Here is a question that is possibly best posed to teens: how many likes do an Instagram post need to receive to be safe from deletion? There are plenty of adults who use Instagram, but deleting posts that are not well-liked enough is a typical behavior between teenagers who use the platform, according to researchers at pen state university.
“Teenagers like to be very popular, so they are very conscious of the number of likes they are getting,” says Dongwon Lee, an associate professor of science and technology. He has published many papers about how social network behaviors vary by age. On Instagram, teenagers interact more with pictures adults do. They like more posts and comment more frequently, but they seem to post less regularly themselves.
Why is that?
There may be an explanation for this though: teenagers only seem to post less frequently than adults because they are more likely to delete posts they recognize as under-liked.
Teens often post photos that reflect their mood or personal feelings. The core users of Instagram, overall, are relatively young. Around 90% of them are under 35, according to Business Insider. I should mention that the total of two teens I asked about the teen rules of Instagram had nothing special to say on the question of deletions. Maybe because, as one of them explained, Instagram is over and everyone is going to Snapchatt instead.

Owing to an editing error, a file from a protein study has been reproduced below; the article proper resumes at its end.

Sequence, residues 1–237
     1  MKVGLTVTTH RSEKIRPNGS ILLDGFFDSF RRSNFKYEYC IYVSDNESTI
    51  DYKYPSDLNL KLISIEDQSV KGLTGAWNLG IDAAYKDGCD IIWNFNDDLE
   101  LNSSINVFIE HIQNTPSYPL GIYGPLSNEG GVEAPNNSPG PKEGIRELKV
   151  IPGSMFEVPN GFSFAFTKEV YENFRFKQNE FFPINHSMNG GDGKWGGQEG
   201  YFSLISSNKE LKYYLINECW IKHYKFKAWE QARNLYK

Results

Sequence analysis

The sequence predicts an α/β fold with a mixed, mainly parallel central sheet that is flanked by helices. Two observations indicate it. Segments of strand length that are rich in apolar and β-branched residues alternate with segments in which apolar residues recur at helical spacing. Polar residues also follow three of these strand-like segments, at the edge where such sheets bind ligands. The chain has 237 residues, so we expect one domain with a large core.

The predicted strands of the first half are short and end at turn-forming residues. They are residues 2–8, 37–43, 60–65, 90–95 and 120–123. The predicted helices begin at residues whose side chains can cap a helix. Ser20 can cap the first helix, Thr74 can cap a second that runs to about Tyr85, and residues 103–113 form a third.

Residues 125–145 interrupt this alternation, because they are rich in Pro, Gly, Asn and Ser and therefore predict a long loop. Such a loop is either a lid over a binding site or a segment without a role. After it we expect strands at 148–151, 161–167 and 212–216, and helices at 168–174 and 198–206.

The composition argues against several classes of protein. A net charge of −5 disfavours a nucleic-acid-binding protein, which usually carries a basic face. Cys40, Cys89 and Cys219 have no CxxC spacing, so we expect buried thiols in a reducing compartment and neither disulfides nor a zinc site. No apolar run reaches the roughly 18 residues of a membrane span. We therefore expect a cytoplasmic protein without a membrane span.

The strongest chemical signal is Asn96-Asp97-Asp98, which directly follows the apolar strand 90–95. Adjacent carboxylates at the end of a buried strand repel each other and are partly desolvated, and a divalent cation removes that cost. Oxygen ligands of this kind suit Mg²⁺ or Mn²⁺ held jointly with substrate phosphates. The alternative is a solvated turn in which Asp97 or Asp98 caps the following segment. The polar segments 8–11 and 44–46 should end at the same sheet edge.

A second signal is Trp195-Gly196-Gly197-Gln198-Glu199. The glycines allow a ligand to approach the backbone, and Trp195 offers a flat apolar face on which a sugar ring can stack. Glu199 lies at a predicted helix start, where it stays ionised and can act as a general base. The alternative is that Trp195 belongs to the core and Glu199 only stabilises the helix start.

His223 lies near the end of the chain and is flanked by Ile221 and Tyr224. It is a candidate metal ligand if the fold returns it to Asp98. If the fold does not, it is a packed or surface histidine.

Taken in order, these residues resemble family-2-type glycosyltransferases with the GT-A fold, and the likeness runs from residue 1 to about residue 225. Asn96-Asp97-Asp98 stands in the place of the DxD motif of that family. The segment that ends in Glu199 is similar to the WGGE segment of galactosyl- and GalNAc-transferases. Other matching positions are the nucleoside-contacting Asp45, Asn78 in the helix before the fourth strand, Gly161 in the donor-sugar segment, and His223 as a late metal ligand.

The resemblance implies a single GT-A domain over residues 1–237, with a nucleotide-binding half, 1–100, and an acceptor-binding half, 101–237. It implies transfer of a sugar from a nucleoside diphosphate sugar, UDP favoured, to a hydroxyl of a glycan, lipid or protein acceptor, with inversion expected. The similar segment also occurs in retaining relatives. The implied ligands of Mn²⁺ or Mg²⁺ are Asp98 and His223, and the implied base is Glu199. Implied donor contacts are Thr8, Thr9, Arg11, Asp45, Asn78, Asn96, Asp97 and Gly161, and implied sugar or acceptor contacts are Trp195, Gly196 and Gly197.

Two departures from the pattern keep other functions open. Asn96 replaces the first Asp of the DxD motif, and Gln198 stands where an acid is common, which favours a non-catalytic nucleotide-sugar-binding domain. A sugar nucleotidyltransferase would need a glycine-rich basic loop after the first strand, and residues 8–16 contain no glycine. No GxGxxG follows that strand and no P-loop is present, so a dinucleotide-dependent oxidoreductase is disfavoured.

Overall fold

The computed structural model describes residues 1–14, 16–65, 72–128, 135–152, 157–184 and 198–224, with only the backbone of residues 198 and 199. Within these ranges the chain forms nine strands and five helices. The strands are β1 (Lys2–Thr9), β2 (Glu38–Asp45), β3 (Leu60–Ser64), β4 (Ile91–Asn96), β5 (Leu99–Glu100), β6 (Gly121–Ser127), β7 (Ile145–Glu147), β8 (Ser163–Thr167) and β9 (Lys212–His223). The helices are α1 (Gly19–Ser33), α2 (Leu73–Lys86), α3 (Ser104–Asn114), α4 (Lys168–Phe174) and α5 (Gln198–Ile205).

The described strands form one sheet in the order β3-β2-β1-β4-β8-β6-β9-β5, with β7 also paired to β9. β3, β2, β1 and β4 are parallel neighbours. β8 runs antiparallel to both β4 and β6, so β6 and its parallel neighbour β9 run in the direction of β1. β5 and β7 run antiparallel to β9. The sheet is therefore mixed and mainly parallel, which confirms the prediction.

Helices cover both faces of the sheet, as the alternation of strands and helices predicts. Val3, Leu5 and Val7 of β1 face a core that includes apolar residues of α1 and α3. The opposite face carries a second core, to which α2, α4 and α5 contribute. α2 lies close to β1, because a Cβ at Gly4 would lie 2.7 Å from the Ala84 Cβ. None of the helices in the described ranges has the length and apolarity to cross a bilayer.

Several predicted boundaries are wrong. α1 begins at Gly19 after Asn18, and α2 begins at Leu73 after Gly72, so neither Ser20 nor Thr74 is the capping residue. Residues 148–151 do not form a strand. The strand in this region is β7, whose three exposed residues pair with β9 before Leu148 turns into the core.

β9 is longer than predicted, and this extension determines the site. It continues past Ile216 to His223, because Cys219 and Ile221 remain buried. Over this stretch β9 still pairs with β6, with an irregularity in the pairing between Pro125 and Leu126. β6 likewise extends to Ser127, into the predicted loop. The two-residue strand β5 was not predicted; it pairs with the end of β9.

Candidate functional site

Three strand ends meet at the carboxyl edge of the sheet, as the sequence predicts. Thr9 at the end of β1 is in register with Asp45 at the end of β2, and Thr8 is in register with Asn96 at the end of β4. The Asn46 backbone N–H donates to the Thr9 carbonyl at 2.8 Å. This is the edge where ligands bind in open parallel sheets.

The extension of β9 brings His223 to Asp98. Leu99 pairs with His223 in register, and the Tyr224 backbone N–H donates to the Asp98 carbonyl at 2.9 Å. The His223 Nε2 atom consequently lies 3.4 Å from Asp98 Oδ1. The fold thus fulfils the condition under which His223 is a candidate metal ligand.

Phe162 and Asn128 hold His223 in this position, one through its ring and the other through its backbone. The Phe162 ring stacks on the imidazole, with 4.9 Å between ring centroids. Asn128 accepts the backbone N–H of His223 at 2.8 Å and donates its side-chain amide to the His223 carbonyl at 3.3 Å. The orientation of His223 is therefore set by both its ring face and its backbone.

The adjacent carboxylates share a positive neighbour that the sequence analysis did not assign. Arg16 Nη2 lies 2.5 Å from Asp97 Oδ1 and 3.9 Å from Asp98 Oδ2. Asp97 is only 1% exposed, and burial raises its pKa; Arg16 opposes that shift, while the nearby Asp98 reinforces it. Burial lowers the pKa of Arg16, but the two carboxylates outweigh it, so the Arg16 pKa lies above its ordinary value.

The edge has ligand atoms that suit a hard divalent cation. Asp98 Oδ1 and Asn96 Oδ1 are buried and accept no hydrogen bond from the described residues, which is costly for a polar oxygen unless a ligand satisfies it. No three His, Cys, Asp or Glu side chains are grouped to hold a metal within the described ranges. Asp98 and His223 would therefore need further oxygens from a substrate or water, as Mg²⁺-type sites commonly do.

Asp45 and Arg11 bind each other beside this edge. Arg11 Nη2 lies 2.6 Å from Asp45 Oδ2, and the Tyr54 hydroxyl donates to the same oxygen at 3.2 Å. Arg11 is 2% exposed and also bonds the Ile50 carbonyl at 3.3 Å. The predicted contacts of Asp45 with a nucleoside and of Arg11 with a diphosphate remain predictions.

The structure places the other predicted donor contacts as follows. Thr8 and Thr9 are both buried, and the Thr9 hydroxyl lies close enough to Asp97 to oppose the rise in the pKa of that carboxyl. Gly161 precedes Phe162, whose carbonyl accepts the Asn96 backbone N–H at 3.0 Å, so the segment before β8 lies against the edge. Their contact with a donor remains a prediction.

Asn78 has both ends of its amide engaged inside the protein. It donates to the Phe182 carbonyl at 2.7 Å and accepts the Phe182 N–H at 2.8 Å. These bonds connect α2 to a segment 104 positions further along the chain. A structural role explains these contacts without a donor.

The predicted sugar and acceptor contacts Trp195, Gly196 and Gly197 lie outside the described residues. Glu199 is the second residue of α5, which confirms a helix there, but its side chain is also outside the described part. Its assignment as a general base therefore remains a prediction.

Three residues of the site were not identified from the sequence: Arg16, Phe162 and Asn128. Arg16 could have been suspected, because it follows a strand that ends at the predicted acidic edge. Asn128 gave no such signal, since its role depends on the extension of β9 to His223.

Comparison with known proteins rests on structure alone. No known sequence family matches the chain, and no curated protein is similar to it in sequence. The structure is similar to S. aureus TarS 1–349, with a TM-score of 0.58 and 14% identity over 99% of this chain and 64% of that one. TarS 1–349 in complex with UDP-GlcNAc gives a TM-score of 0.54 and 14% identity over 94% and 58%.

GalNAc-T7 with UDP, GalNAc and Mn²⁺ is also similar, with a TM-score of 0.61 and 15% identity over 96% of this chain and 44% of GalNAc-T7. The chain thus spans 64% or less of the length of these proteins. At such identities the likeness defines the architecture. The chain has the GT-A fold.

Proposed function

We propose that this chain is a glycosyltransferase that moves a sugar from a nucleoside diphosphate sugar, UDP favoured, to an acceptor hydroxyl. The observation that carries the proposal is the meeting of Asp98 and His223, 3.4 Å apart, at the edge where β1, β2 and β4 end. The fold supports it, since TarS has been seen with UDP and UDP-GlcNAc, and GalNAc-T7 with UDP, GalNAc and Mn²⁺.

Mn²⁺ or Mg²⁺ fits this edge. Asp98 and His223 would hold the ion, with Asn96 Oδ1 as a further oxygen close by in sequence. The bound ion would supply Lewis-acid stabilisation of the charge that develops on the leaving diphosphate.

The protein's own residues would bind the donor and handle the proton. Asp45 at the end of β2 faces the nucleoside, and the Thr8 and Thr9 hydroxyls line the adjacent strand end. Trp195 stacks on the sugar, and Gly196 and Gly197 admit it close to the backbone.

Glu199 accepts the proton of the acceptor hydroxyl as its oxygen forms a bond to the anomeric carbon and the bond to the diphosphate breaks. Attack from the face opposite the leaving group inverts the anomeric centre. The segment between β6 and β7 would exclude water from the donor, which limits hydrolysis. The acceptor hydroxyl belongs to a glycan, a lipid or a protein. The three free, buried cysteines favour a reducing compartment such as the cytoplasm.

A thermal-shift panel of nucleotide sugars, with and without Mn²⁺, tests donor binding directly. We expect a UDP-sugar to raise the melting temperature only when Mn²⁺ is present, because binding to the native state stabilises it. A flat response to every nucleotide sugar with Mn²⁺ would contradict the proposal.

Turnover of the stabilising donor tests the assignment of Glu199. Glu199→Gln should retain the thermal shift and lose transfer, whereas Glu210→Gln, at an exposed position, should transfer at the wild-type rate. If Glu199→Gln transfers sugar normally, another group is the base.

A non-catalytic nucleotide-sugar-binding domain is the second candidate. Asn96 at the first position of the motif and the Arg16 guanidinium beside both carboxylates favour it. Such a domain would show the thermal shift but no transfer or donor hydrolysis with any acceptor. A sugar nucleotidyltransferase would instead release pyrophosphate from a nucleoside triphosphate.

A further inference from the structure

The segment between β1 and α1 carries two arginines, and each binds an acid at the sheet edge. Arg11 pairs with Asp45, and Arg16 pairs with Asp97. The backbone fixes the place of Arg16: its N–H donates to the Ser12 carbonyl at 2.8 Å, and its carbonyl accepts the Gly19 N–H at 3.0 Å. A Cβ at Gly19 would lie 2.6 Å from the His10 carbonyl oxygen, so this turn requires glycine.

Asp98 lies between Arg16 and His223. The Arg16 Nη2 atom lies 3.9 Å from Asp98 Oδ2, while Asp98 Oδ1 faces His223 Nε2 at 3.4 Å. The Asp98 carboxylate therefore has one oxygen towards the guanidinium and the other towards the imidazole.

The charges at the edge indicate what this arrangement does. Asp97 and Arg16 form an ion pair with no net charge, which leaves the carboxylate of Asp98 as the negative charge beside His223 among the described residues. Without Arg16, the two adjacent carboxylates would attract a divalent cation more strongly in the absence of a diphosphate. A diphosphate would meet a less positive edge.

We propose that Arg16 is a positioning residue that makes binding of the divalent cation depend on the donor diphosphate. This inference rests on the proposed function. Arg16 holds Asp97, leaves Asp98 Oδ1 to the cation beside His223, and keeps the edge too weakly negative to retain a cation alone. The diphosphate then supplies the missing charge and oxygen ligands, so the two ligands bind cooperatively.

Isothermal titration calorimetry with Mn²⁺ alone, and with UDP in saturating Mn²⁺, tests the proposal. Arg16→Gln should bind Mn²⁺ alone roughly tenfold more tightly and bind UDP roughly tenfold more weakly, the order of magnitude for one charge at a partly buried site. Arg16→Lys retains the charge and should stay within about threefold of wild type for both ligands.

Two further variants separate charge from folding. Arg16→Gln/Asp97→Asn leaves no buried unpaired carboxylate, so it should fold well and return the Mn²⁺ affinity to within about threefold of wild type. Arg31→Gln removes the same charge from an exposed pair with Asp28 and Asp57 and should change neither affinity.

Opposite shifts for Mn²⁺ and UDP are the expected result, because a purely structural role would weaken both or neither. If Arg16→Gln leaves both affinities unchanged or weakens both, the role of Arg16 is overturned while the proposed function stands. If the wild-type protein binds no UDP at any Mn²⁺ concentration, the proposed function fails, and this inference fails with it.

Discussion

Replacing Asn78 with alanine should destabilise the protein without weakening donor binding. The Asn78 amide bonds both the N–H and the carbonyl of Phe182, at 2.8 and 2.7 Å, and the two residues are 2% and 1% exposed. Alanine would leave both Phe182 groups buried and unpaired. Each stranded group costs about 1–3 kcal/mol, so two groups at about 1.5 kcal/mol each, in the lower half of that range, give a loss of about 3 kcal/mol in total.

While teens seem to be more dependent on the popularity of their Instagram posts, there are distinctions to what interactions on each social media platform mean.
Facebook recently launched emojis to replace the classic Thumbs Up “Like” button to allow for more personalized reactions without using comments. They added a heart for love, laughing emoji, a wow, and anger symbol.
Not only does this allow for more specific interactions on Facebook, but each emoji can have different meanings. A heart, for instance, doesn’t necessarily mean you love the subject of the post, but could just be sending love to the writer. This makes it difficult for an algorithm to find out what the user meant from their interaction. “Even if we produce an algorithm that classifies a like,” Dongwon Lee says, “no one can understand if our algorithm’s result is accurate or not.”
The team at Penn State is working on a system to better recognize the intent behind these new interactions on Facebook and other more complicated social networking platforms, but the task that they have begun with Instagram is quite impressive. It’s one thing to see that users are interacting, but it’s another to know why they are doing this, and finding out the reason could be the next big launch of social networking, online and in the real world.